If you ever see a child have a run-in with a bee, a wasp, or a pile of fire ants, you know his reaction: He's hightailing it out of there (and high-screaming it while he's at it). If he does get stung, bitten, or swarmed by an angry insect, then you need to be prepared to run triage when he comes running.
Stay calm to help him calm down, and follow these steps:
- Brush any remaining insects off him.
- Scrape away any remaining stingers, using a credit card or a fingernail. Don't pinch the stinger, because that may force more venom into the skin.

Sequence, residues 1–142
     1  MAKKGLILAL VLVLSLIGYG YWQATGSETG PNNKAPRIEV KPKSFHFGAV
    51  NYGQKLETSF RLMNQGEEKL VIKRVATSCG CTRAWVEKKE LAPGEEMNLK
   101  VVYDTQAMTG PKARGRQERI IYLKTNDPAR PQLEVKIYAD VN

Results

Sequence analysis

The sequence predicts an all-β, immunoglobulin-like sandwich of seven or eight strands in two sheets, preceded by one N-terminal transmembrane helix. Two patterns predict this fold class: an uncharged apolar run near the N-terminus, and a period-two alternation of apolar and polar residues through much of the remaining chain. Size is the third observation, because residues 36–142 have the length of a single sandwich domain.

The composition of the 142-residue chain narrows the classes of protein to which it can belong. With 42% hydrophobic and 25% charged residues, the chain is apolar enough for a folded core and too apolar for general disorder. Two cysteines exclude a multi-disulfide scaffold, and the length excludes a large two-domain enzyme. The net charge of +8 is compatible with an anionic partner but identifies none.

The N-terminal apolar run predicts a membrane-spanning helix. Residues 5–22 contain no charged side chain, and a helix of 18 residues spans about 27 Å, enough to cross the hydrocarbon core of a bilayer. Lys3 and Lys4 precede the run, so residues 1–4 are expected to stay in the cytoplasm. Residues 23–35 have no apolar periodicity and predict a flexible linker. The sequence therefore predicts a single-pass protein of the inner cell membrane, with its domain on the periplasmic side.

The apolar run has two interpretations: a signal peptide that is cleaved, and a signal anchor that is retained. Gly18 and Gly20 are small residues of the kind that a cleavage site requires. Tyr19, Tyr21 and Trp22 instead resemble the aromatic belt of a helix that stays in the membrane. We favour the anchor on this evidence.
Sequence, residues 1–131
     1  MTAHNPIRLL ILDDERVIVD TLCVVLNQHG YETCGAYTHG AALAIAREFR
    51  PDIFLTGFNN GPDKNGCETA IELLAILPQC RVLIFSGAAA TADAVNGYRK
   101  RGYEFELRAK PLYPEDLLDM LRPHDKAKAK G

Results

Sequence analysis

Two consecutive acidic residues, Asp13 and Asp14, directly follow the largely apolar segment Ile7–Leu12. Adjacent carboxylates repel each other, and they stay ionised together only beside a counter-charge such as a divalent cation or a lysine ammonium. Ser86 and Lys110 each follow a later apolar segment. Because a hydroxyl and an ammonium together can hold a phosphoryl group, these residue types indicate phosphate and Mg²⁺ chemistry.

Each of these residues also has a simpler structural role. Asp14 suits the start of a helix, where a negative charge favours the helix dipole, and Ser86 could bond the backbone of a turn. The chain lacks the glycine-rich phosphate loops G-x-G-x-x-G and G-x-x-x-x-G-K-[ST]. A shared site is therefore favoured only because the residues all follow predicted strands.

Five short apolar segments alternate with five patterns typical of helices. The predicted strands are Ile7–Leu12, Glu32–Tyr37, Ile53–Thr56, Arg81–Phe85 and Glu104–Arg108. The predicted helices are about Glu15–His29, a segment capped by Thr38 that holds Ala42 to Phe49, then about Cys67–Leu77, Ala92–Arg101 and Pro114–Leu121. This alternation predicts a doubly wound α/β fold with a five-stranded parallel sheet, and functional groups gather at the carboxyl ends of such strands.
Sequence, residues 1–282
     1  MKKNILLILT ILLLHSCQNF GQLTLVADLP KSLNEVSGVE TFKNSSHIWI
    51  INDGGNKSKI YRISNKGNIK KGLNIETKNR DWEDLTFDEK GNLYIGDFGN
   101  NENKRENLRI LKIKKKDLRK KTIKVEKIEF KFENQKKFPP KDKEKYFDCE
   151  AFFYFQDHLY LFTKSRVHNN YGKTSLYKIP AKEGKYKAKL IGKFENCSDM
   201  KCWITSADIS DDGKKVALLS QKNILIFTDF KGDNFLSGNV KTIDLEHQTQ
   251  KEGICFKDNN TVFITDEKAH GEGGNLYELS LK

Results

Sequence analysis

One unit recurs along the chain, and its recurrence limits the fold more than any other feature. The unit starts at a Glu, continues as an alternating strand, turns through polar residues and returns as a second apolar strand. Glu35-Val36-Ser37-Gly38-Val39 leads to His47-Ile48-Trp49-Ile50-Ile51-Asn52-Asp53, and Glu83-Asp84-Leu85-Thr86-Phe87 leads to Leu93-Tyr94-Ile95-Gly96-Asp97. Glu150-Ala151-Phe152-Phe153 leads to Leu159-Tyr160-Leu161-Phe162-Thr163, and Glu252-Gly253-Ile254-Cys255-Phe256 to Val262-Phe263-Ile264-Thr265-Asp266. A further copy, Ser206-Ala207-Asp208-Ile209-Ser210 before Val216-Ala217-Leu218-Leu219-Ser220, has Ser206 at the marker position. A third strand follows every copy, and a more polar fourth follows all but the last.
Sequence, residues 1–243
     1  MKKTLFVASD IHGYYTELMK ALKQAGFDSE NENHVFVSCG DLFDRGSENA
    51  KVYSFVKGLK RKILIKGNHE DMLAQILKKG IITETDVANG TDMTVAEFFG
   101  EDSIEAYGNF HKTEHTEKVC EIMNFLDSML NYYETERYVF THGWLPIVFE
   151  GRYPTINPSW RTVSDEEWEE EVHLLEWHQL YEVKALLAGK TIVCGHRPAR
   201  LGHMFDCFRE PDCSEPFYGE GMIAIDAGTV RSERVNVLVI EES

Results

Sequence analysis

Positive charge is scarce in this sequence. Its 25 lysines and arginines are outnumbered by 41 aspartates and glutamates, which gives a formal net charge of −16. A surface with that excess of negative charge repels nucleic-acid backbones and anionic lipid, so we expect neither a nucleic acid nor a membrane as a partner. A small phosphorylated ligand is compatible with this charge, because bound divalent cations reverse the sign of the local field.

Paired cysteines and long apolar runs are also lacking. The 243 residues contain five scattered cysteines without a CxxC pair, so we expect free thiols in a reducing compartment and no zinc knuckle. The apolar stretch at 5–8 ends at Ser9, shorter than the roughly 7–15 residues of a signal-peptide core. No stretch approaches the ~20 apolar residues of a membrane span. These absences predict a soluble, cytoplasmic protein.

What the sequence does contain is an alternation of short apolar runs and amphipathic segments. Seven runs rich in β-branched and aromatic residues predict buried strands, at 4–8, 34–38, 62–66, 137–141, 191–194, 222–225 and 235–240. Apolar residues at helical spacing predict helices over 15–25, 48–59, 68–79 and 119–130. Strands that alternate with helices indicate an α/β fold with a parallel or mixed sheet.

- Put ice on the site of the sting and elevate the part of the body that was stung. You can also try applying a penny, which will oxidize (turning a cool green) as it draws some of the ouch out of the sting.
- Give your child an oral antihistamine to control the swelling, relieve any itching, and slow down the allergic reaction. Ibuprofen or acetaminophen can be used alternatively to relieve any pain.
- And, of course, call 911 if your child has any difficulty breathing or experiences severe reactions.
Find out more about this book:YOU: Raising Your Child: The Owner's Manual from First Breath to First Grade